The early 19th century cake safe was a wooden kitchen cabinet with several narrow shelves closed by recessed doors. The doors were made from a variety of materials, such as perforated tin, grating, mosquito nets, or fabric. Although the cake safe was made to protect the treats from rodents and insects, the construction allowed air circulation. Air circulation was actually an incidental positive feature, as it helped reduce mold growth in stored food. With the lack of modern refrigeration and food preservatives, cooks had no other way to ensure the freshness and safety of their cakes.
The standard American safe stood on the ground with 4 legs. However, in the Dutch region of Pennsylvania, during the 18th century, hanging models were popular. Some cake safes from this region have been found to have wooden extensions with holes, allowing flexibility of the piece resting on the floor or hanging. Typically, doors from the Dutch region of Pennsylvania were made from tinplate parts that displayed unique and interesting patterns. By 1830, tin smiths were producing quality doors, while cabinetmakers had perfected the craft of making more durable cabinets. The production center for these cabinets was Connecticut.
The region of the country where a cake safe was made can be identified by the type of wood used in the construction.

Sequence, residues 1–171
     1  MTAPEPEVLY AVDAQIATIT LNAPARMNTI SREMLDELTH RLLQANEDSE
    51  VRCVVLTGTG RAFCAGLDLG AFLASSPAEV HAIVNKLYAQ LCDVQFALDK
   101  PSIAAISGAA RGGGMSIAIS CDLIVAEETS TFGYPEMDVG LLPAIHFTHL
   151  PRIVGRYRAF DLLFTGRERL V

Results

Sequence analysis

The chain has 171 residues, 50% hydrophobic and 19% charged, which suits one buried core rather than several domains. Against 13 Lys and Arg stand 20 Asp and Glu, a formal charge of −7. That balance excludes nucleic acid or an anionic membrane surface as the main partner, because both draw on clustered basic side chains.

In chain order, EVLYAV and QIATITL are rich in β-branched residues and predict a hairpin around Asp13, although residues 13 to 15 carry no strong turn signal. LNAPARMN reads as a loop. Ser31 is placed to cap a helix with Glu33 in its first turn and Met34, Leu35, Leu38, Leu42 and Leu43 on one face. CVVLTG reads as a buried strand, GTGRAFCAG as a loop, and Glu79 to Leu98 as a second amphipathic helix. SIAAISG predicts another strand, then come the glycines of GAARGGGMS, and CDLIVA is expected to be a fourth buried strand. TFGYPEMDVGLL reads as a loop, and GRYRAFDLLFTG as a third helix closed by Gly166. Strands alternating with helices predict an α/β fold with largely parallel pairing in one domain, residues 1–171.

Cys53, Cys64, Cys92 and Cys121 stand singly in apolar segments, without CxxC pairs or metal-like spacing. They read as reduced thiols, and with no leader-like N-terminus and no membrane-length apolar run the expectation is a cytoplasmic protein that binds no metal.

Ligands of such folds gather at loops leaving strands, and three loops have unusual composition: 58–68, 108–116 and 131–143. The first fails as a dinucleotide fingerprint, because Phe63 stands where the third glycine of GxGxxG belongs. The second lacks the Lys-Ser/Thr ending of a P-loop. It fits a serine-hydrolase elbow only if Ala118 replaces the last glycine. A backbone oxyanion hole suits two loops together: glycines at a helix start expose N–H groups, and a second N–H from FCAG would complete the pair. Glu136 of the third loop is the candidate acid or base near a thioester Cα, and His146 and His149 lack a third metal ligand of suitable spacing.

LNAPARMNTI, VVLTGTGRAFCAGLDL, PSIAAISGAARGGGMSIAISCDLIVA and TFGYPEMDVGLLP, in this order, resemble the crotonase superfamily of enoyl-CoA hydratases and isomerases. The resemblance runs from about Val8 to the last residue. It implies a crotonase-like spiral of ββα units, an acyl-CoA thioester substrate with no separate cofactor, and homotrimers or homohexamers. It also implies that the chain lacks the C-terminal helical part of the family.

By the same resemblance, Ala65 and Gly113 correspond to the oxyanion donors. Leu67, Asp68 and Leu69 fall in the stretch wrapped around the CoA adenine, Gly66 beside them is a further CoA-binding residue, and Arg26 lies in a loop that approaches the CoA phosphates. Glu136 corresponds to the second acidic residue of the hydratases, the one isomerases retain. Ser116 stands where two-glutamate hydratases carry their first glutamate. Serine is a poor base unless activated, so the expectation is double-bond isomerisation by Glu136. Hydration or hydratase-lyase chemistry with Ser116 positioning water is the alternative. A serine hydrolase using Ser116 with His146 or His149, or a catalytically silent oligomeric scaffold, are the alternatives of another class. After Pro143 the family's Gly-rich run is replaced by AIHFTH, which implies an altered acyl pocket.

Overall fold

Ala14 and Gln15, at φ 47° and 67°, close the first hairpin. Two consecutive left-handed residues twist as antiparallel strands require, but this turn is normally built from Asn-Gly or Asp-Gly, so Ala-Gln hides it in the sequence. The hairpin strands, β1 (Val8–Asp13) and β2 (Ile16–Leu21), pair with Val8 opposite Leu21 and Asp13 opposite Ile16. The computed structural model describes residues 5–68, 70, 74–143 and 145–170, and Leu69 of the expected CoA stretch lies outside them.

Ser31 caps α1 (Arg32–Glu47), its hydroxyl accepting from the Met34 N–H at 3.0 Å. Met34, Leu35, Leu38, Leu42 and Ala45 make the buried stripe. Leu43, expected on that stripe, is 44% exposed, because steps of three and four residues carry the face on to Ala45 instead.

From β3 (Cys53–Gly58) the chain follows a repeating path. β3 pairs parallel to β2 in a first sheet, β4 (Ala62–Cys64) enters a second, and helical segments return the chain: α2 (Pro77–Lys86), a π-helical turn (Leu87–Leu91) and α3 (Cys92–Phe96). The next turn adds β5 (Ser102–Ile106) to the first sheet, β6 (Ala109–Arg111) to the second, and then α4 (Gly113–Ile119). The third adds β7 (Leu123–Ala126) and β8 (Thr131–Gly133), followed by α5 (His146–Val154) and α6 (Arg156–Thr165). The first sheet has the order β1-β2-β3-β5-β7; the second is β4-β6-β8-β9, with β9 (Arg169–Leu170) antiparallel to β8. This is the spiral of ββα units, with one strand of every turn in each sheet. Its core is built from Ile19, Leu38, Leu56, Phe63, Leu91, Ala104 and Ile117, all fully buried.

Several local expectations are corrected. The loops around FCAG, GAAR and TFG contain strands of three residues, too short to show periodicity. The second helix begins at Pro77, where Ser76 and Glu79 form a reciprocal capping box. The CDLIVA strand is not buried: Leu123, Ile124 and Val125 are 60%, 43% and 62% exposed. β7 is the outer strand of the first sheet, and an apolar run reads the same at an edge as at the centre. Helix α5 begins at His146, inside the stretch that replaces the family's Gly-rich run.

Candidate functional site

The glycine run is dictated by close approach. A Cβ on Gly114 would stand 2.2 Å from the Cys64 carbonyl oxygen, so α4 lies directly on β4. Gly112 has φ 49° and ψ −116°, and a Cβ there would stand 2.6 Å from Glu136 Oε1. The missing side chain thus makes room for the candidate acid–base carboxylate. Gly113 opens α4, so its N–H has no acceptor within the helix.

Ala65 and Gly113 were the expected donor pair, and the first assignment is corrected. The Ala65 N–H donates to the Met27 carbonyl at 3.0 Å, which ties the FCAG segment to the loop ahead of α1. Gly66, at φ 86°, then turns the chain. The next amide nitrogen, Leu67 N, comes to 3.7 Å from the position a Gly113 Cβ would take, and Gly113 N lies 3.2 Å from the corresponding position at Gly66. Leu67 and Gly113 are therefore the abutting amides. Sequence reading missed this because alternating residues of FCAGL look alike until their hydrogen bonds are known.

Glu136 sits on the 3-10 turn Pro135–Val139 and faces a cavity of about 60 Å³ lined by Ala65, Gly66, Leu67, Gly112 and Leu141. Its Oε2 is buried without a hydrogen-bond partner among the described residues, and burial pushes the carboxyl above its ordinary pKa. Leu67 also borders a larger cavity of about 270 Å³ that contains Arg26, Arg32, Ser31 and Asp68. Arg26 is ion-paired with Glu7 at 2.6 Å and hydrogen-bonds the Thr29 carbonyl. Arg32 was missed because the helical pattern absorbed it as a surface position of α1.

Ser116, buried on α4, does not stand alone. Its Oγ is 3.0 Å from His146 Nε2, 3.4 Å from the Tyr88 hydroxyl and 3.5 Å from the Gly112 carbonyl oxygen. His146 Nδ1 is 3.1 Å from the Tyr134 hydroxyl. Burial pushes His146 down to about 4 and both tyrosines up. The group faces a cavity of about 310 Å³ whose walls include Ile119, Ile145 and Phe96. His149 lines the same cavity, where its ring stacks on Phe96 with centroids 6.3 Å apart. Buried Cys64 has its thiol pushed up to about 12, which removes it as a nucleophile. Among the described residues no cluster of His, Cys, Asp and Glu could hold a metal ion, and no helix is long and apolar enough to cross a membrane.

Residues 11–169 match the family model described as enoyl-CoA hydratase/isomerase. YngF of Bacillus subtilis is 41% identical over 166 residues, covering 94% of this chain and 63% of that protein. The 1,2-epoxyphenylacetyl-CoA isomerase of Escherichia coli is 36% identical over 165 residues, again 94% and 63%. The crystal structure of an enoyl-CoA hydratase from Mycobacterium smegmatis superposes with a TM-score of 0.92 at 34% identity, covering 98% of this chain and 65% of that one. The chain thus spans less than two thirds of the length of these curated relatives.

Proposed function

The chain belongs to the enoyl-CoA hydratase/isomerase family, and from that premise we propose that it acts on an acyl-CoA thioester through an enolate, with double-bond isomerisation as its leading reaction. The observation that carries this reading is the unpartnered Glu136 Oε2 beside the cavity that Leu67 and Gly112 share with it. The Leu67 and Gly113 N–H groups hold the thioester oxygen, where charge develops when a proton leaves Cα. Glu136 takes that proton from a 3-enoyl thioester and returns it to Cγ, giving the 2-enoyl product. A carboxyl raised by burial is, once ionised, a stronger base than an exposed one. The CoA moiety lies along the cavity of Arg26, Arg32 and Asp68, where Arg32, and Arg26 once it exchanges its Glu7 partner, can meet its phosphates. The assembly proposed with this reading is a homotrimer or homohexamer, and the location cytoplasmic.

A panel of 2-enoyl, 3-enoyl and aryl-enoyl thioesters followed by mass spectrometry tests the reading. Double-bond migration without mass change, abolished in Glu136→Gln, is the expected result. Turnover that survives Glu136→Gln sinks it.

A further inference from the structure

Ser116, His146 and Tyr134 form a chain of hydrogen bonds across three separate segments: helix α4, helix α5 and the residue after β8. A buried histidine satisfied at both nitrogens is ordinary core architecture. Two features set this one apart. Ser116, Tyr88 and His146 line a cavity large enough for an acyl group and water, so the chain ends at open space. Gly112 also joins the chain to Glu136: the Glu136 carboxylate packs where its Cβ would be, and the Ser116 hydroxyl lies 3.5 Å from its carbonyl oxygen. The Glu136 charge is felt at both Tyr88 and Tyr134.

Cabinetmakers in the Carolinas and Virginia often used yellow pine.
In the Pennsylvania and New England region, soft pine was the wood of choice. In Texas, cake safes were made from Spanish cedar. Made from cherry and curly maple are rare in all regions.
Determining the value
With many antiques, the following list provides the factors that help determine the value and cost of a piece. However, value is often in the eye of the beholder and cost follows value. However, here are the main determinants of value.
- Region of the country where it was prepared
- Construction: for example, chestnut wood is rarer than pine, oak was rare, poplar was common
- Door construction and complexity – Tin punch with detailed drawings will cost more than solid doors
- Unique finishes: painted or unpainted, preferred colors are red, green, goldenrod
- Provenance: can the piece be attributed to a particular cabinetmaker or tinsmith, or to a person of historical importance who owns the piece at the same time?
Merchant records in the 1830s show that cake safes advertised between $ 8.00 and $ 12.00.
2013, a 19th century American chestnut wood with eight pinwheel cans and old red paint sold for $ 2300.00 at auction.
2013 an American, first half of the 19th century crafted from pine with poplar side perforated tin doors and sides and a bottom drawer with wood handle made for $ 645.00 at auction.
At the end of the 19th century, cake safes were produced in factories. They were no longer unique creations of individual cabinetmakers. As the century progressed, oak became the popular wood for producing ice boxes in which a block of ice was used to store food. This marked the beginning of early refrigeration and the end of food storage in a cake safe.